Fashola’s new power policy will increase electricity tariff by 14% – Discos

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The Eligible Customer policy introduced by the Federal Government in the power sector will lead to a 14 per cent increase in the electricity tariff payable by residential consumers across the country, power distribution companies have said.

In July this year, the Minister of Power, Works and Housing, Babatunde Fashola, said in order to accelerate power supply to industries and heavy consumers, the Federal Government had introduced Eligible Customer policy, pursuant to powers conferred by Section 27 of the Electric Power Sector Reform Act.

He explained that the policy was to enable heavy consumers using at least two megawatts of electricity to invest in the provision of the equipment and take power directly from generating companies that had the power.

Fashola, who observed that power distributors initially resisted the policy, said they later reluctantly endorsed it.

But in one of their latest documents on Nigeria’s power sector and the eligible customer policy, which was made available to our correspondent in Abuja by the Association of Nigerian Electricity Distributors, the Discos said they had no issue with the declaration by the government, but stressed that the policy would warrant a significant increase in residential tariff.

Residential customers constitute the highest number of power users in Nigeria and their tariff is subsidised by the funds generated from heavy customers.

The Discos said, “The removal of customers that are designated as ‘eligible customers’ means that the premium customers that currently cross-subsidise the largest residential customer class can be removed from the pool of Discos’ customers, thereby resulting in a gap in revenue that will result in a significant tariff increase, currently estimated at 14 per cent.”

They also stated, “While we recognise that the minister has a right to declare eligible customers, we doubt that he has a right to further take money out of our customers’ pockets, with the potential tariff hike that will occur, as the designated eligible customers leave the pool of Disco customers.”

The power firms said in addition to the associated potential increase in the cost of energy to the customers, the reduction in the Discos’ revenue would jeopardise any plans for improvement in the delivery of service.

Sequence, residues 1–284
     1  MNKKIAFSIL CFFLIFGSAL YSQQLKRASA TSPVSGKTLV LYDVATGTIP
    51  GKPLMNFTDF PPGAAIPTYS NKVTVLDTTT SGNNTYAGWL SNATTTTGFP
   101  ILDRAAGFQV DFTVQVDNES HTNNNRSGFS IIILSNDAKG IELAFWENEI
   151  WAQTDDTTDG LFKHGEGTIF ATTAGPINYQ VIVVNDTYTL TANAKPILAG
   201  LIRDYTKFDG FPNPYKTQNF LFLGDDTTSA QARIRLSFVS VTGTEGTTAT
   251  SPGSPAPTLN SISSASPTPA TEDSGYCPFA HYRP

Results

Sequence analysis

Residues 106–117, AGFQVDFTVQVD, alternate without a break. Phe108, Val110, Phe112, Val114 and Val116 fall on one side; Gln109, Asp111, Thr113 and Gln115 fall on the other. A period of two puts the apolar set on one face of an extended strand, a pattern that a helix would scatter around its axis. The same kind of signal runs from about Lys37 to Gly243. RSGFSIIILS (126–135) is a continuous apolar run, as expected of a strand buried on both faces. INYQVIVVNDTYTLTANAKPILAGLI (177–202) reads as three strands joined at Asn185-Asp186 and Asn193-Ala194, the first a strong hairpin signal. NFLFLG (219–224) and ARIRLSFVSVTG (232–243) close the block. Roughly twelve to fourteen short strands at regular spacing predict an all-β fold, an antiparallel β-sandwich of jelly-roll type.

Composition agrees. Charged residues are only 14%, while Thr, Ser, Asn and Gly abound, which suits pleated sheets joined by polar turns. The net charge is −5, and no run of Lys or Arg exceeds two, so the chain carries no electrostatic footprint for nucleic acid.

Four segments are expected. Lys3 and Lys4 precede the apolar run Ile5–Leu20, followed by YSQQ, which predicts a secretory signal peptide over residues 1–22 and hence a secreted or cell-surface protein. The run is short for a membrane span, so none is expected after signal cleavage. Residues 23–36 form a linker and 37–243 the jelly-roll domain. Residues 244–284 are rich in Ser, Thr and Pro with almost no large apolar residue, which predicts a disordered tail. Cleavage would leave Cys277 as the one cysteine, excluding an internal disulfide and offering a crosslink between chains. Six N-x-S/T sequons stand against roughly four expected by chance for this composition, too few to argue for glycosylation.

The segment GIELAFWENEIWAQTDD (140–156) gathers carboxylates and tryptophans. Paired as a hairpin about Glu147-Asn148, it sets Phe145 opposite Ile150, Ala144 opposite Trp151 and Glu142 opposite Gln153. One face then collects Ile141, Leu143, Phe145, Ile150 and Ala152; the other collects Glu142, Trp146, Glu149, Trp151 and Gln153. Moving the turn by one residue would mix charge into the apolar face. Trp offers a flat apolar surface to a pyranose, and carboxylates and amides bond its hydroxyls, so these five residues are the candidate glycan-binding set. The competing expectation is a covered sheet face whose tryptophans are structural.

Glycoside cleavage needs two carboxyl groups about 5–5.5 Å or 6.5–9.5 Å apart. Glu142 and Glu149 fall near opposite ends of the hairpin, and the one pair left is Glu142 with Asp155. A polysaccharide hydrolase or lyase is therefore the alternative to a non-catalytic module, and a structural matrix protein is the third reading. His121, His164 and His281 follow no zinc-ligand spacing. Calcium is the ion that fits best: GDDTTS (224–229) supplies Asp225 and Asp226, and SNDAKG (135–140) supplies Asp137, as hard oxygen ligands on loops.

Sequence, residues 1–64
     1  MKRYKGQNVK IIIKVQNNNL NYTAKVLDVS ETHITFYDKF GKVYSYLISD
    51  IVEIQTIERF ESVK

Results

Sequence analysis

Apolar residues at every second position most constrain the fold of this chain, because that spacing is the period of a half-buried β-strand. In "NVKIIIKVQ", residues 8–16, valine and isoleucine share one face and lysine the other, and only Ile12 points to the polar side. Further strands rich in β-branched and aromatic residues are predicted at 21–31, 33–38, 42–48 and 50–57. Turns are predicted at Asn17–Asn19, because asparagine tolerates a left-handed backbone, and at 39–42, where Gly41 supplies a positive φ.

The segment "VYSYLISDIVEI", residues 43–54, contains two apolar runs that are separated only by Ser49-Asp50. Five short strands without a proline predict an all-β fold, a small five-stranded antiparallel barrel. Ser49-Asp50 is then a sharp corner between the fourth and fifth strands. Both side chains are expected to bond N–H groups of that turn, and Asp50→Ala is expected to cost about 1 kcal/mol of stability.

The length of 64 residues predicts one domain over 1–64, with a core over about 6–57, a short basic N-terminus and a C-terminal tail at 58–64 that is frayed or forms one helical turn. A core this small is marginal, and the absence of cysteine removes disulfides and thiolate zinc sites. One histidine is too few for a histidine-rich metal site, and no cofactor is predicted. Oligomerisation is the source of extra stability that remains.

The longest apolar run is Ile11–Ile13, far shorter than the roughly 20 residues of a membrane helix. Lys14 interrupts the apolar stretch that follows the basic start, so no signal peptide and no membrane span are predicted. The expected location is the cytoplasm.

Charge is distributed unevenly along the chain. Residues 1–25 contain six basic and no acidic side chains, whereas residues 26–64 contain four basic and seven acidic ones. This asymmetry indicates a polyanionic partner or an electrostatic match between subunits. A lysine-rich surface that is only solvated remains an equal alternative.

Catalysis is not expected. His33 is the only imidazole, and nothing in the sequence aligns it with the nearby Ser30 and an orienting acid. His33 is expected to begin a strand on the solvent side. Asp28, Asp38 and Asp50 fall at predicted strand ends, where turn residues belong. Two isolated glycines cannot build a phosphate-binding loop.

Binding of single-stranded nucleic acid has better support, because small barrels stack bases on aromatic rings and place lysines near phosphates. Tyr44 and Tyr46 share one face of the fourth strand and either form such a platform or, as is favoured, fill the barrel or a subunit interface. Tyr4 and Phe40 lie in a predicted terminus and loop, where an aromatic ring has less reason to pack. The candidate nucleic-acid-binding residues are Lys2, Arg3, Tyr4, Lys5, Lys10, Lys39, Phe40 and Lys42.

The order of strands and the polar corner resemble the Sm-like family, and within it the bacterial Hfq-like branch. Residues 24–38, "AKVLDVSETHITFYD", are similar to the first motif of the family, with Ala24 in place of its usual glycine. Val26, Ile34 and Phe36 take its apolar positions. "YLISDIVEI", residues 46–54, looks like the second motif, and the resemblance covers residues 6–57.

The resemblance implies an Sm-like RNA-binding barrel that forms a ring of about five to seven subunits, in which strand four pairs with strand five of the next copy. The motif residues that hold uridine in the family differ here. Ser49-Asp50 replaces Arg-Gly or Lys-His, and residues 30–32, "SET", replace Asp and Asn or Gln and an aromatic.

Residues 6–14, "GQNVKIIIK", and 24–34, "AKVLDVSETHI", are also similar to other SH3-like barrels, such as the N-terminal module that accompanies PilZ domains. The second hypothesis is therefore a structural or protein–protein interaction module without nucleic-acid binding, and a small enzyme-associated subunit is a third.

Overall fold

“As an example, most eligible customers are currently being charged about N40/kwh; whereas when they leave, the energy will now be sold at about N26/kwh. This revenue loss of N14 would need to be made up by a tariff increase to the ordinary customers,” the Discos stated.

The power distribution firms said there was a need for healthy competition in the sector and urged the government to allow all parties to compete on the merits of their offering, as this would result in reduced electricity tariffs for customers and improved service.

“However, providing or promoting a one-sided advantage for political expediency and to be seen to be making progress where there is none is an antithesis of competition. Until there is such a balance, it is likely that the eligible customers arrangement will end up in the dustbin with all the other ill-considered initiatives,” they said.

On whether it was right for the Discos to push for tariff increase based on their argument, the Director-General, Lagos Chamber of Commerce and Industry, Muda Yusuf, stated that the power firms were business entities established to make profit.

He said, “This thing is getting more complex. But what the minister or government should understand is that a Disco is a business concern and if something is a business, then it has a right to recover its cost and make profit. It is not a social service but a business endeavour.

“However, what kind of cost are we talking about here? That is the problem. I ask because they have been talking about all kind of losses. You hear of commercial and technical losses, a high service cost and many problems associated with inefficiencies in the sector.”

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Yusuf added, “All these are also contributing to high cost. And so by the time you factor all these costs and you are now trying to get a price that will now give you a margin for profit, what you will eventually get will be very high. Some cost should not be passed on to consumers; but right now, they are already passing it on to consumers. So, it is quite a complicated issue.”

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